It’s been almost a year exactly since my last update. I guess I’ve been pretty preoccupied. I wanted to do a post about an age old problem very often encountered in Flash – compositing video so that overlaying elements sync perfectly with a video. In essence, getting the true current frame of an FLV or F4V. Specifically the problem I want to talk about tackling is having an image be composited as if it were in the video. I think a great example of this is a site we (as in Firstborn, not me) did for 5 React a year or so ago. There are a couple of solutions to solve this problem that work almost perfectly 99% of the time. In general, they usually involve an XML file that contains corner points for each frame of how an image should be transformed to match the video. For live video (no CG) tracking is set up in After Effects and then the cue points are exported. While After Effects doesn’t have a native export cue points as XML option, the keyframe data can be copied & pasted out as plain text, and then you can just run a simple RegEx to convert it to XML. This is all pretty simple and isn’t the problem, the issue lies with not being able to get the exact frame that a video is displaying.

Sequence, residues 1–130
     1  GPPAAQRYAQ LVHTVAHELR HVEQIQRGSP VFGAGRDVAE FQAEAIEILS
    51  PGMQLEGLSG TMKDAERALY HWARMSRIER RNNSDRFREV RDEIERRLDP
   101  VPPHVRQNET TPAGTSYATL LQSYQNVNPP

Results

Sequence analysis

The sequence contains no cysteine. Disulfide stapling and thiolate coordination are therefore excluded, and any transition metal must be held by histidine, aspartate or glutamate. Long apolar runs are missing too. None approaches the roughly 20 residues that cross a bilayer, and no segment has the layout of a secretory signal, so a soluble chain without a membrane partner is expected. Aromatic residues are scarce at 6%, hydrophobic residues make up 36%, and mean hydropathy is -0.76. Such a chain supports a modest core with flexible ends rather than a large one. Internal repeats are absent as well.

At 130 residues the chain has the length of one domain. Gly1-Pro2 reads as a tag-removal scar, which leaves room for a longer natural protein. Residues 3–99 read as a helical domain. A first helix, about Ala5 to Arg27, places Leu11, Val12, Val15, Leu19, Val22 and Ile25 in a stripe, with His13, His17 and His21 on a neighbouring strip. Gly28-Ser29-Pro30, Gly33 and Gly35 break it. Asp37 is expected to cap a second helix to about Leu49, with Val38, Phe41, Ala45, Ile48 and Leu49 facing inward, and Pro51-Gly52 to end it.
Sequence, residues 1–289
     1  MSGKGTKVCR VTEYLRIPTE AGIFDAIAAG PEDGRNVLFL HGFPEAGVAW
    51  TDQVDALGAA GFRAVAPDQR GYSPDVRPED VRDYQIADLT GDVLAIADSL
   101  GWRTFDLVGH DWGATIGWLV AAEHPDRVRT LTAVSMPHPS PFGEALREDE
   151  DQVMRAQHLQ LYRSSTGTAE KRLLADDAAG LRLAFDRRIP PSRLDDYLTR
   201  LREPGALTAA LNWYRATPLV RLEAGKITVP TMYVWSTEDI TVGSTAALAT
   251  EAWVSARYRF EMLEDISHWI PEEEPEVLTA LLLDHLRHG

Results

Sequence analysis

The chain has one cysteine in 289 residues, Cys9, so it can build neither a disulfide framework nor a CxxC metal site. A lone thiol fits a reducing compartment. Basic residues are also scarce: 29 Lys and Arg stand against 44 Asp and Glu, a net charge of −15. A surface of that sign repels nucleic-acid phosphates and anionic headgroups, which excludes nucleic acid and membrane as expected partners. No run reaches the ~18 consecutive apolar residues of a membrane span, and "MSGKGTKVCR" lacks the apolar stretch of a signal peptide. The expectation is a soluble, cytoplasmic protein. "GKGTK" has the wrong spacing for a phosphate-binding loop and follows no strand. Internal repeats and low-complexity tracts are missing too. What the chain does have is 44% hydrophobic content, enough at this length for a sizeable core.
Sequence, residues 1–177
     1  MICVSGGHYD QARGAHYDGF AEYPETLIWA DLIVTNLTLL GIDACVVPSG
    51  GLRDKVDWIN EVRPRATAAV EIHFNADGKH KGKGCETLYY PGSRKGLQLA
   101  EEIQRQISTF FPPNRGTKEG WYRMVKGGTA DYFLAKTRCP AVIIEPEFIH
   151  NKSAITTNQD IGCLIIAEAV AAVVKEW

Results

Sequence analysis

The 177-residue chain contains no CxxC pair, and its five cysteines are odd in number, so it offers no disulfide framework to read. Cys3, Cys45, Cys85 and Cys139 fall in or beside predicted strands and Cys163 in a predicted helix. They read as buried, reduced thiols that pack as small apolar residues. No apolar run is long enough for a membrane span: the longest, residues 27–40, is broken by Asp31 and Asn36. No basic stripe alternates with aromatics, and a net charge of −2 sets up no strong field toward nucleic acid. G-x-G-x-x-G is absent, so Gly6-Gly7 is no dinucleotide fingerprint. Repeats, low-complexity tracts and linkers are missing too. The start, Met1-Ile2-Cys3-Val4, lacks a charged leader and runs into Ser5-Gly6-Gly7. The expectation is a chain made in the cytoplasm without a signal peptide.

I’m not going to pretend that this solution is by any means perfect – in fact, it is far from it. There are possible performance problems from drawing the video every frame, and the video is slightly larger so you have to crop it. The video file might be larger in size due to less compression because of the drastic difference between frames due to the barcode. The biggest drawback is that this method requires a lot more prep work. However, the payoff is perfectly synced video to frame and you can still use FLVs and F4Vs without having to embed it into the timeline in Flash or use a PNG sequence, which would increase file size greatly. If you want to read some more about video frame stuff, check out Zeh’s post from a few weeks ago. You can see a demo of the final result here.